[Editor’s note: This is the first of a multi-part series on US biotech regulations and potential reform. In future installments, we’ll look at biotech animal breeding, New Breeding Techniques (NBTs), biotech pharmaceutical and industrial products, and international comparisons and regulatory reform.]
The first thing to understand about biotech regulation in the US is that it was not established through legislation, but rather through executive branch rulemaking under existing laws. In a series of cludge maneuvers, some more arbitrary than others as we’ll see, various categories of products and potential risks were assigned to be regulated under laws already on the books.
In doing the research for this series, I started with a decent sense of how biotech is regulated, but in trying to get a better, more granular view of the nuts and bolts of real-world processes, I’ve been surprised by how well the patchwork quilt covers what you would want it to cover and how much more sense the patchwork system makes than a unified, rationalized system. One criticism of the system is that it’s a Rube Goldberg contraption with too many moving parts. I’d say, to my pleasant surprise, that’s a feature, not a bug. We’ll circle back around to this point as we wrap up.
The most common critique of reformers of the current status quo is that regulation of products should be done by relative, credible risks rather than arbitrarily by process. I think that’s correct, but within that arbitrary divide it’s very much true that the biotech approval process is risk-based, with products that present little relative risks moving through the approval process more briskly and those that raise real questions being subjected to more scrutiny.
Reasonable people can disagree about whether the process is too onerous, insufficiently onerous or just right in the degree of onerousness. As the above comparison of the AquaAdvantage Salmon, the Arctic Apple, and the non-browning mushrooms shows, it is undeniably true that some products are subject to more scrutiny than others.
Coordinated Framework for the Regulation of Biotechnology
Established as a formal policy in 1986, the Coordinated Framework for Regulation of Biotechnology describes the Federal system for evaluating products developed using modern biotechnology. The three main federal agencies responsible for regulating the safe use of genetically engineered organisms are the Department of Agriculture (USDA), the Environmental Protection Agency (EPA), and the Food and Drug Administration (FDA).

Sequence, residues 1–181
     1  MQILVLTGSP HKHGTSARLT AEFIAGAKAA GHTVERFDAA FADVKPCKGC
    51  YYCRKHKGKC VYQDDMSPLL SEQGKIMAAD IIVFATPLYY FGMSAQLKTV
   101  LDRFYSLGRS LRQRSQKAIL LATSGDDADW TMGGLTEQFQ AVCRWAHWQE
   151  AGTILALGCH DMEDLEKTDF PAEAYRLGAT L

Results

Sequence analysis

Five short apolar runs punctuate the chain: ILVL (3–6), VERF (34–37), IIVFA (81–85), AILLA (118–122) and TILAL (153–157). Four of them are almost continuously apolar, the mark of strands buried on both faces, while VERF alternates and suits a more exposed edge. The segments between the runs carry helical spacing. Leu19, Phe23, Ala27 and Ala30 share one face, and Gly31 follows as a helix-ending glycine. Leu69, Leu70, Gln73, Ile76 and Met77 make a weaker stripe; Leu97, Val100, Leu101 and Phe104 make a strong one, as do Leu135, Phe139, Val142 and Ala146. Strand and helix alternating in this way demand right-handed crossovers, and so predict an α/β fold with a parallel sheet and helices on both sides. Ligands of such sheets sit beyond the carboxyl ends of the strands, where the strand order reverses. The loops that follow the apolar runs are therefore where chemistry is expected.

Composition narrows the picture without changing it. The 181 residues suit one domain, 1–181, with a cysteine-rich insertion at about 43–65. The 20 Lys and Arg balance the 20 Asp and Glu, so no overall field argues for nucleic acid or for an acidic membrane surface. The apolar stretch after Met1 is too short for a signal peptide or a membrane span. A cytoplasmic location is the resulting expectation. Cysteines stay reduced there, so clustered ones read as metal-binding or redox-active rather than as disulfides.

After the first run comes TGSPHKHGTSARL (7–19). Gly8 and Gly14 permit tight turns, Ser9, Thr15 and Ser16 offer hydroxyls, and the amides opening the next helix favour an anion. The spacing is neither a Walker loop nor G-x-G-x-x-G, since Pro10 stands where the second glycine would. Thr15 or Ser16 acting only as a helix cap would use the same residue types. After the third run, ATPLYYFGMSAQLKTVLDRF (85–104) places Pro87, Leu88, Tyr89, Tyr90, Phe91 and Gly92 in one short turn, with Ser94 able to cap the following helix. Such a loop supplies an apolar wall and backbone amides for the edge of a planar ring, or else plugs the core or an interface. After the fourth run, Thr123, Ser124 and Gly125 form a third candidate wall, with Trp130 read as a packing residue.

The USDA’s duties are carried out by the Animal and Plant Health Inspection Service (APHIS), under the Plant Protection Act. The EPA’s come from the Federal Insecticide, Fungicide, and Rodenticide Act (FIFRA) and the Toxic Substances Control Act (TSCA). All three agencies are responsible for compliance with the National Environmental Policy Act of 1969 (NEPA).
For plant foods, the FDA reviews genetically modified crops if the new trait’s properties are already understood. If not, the applicant is required to submit data proving that the food additive does not “adulterate” the food — in other words, that the additive is not injurious to human health.
Genetically modified animals are considered “animal drugs”. Thus, a New Animal Drug Application (NADA) must be submitted to the Center for Veterinary Medicine (CVM), which conducts an Environmental Assessment (EA) of potential environmental impacts and determines whether the animal presents any credible risk to human health.
Environmental Protection Agency
Under FIFRA, genetically modified pest control traits are regulated by the EPA as a pesticide. Traits related to pest control, known as Plant-Incorporated Protectants (PIPs) — i.e. insect resistance (IR) and disease resistance require serious demonstrations of relatively low risk of serious environmental or health risks under FIFRA.